Many students in our postgraduate programs, whether we like it or not, have as their primary interest migration to Australia. Until two years ago, completing a Australian postgraduate qualification, especially in IT, guaranteed enough points to obtain Permanent Residence. The immigration law has recently changed to (a) downgrade the worth of IT qualifications (except in narrow areas such as computer security), and (b) require students to have completed at least one year undergraduate study in Australia in addition to a two-year postgraduate degree. This will significantly reduce the attractiveness of postgraduate study in Australia for many potential applicants. (Some will view these changes as a positive, since it may reduce the number of students in our programs whose interest is not primarily with their IT study.)

New Programs

Keeping the above issues in mind, this proposal attempts to improve the attractiveness of our Postgraduate Coursework offerings, without requiring any significant expenditure of effort by the School (except on the part of staff members who are willing to develop new majors in their particular area of interest).

A key objective behind these designs was flexibility. The aim is to give students as much choice as possible, while at the same time maintaining some (minimal level of) core requirements. This will hopefully help to overcome the availability issues noted above.

Master of Information Technology (MIT)

This program replaces the current Master of Engineering Science, and is aimed at CS/IT graduates with a broad computing background (i.e. must have completed the equivalent of at least six of the Group B/C courses).


Entry requirements: Program requirements: Students should be encouraged to complete their program as 8 Group D courses within CSE, or as 6 Group D courses and a project.

Majors in at least the following plans are currently being proposed: In addition, there is a generic MIT degree with no specified major. Students can change plan at any stage during their program.

Plans must satisfy the following criteria:

Master of Computing and Information Technology (MCIT)

This re-training program replaces the current Master of Computer Science, and is aimed at graduates from non-CS/IT undergraduate degrees.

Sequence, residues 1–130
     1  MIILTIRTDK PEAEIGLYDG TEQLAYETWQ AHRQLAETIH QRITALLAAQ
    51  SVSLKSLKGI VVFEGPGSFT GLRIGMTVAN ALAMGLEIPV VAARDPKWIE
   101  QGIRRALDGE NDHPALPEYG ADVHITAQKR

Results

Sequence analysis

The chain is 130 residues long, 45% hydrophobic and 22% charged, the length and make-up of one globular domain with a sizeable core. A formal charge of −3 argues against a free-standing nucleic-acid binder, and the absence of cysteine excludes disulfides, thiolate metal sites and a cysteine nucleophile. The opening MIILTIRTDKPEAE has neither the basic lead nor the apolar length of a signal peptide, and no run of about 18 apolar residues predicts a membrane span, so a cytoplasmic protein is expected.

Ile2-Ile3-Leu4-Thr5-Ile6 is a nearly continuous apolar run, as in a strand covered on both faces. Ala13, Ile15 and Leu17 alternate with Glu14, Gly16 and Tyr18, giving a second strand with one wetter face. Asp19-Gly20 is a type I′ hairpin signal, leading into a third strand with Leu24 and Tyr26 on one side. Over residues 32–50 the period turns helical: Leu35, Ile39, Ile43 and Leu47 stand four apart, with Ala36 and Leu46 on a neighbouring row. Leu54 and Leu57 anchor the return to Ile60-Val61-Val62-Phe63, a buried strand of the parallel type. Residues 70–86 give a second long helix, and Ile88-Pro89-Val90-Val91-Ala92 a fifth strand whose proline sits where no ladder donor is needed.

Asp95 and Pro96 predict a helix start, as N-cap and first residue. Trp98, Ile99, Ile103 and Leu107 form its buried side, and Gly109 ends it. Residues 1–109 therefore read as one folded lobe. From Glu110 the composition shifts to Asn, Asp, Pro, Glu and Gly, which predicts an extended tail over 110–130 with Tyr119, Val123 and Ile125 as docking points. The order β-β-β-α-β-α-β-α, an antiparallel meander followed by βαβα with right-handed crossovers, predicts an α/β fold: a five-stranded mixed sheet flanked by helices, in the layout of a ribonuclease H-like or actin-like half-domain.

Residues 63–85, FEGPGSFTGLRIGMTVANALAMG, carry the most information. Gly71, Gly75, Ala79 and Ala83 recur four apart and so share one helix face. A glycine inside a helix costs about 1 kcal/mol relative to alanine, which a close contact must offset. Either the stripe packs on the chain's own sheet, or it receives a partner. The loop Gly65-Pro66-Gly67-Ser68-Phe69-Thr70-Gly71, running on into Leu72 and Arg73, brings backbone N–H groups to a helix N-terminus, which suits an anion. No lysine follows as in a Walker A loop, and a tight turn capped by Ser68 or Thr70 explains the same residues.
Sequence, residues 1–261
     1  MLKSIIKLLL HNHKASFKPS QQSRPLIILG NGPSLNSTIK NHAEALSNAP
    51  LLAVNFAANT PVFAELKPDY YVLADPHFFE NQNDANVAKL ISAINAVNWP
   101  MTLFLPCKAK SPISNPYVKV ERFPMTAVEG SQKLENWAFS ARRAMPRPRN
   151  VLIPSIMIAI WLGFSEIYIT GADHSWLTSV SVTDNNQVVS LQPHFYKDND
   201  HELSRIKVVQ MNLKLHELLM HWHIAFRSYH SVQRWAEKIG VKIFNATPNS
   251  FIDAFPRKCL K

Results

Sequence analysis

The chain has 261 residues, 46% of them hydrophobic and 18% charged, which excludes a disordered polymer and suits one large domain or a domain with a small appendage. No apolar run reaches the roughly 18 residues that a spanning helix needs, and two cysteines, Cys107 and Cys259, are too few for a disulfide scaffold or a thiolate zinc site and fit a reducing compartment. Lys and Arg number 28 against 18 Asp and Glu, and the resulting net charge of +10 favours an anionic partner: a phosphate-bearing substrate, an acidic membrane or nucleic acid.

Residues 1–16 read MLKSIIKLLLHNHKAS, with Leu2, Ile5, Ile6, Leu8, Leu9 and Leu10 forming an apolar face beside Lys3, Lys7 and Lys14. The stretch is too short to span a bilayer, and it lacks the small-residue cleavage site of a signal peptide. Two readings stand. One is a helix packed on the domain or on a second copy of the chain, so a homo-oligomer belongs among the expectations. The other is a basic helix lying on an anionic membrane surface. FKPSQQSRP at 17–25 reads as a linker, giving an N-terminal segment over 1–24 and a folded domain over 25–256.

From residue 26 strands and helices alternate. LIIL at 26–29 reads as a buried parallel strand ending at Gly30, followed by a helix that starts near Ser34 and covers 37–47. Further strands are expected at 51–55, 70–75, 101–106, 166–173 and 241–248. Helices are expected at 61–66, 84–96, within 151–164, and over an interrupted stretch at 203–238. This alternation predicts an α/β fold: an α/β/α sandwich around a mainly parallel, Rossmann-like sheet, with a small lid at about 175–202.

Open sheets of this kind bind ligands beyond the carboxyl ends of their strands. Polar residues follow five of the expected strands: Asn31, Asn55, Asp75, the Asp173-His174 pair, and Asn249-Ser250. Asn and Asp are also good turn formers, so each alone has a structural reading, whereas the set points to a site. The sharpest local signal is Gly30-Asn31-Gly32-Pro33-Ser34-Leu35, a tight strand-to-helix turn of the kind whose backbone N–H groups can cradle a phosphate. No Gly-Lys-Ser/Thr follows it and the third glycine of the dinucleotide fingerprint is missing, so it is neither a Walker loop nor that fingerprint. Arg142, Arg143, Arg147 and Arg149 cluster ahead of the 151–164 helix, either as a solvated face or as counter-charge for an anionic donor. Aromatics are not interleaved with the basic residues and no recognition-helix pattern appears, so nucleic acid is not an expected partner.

Entry requirements: Program requirements: Plans:
The same plans are available as for the MIT.

Advanced Standing:
Students would be eligible for advanced standing only for Group A courses, and this would be based solely on successful completion of the Group A exemption exams. A student with a reasonable computing background (e.g. an Electrical Engineering graduate from UNSW) would thus be able to complete the MCIT degree via 72 UoC (or 12 courses). Exemptions would also be available for other courses. Such exemptions could be used to reduce the Group B/C requirement, thus allowing students to take more Group D courses.

Example Plans

These examples are representative only. Each plan ought to come with its own rationale (which we haven't shown here).

eCommerce Systems

Core Requirement: all courses from the following: Recommended Electives: (No requirement to take any of these)

Database Systems

Core Requirement: at least 3 courses from the following: Recommended Electives: (No requirement to take any of these)

Graduate Diplomas and Graduate Certificates

It would desirable to also provide Graduate Diplomas and Graduate Certificates for each of the above Masters degrees and in each of the plans under those degrees.

UNSW's current policy on articulation makes this problematic, but a possible structure would be:

It is difficult to see how plan-specific Grad Dips and Grad Certs would work. Perhaps these degrees should only be awarded as ``generic''.

About this document ...

This document was generated using the LaTeX2HTML translator Version 2K.1beta (1.48)

Copyright © 1993, 1994, 1995, 1996, Nikos Drakos, Computer Based Learning Unit, University of Leeds.
Copyright © 1997, 1998, 1999, Ross Moore, Mathematics Department, Macquarie University, Sydney.

The command line arguments were:
latex2html -split 0 overview.tex

The translation was initiated by John Shepherd on 2004-05-21

John Shepherd 2004-05-21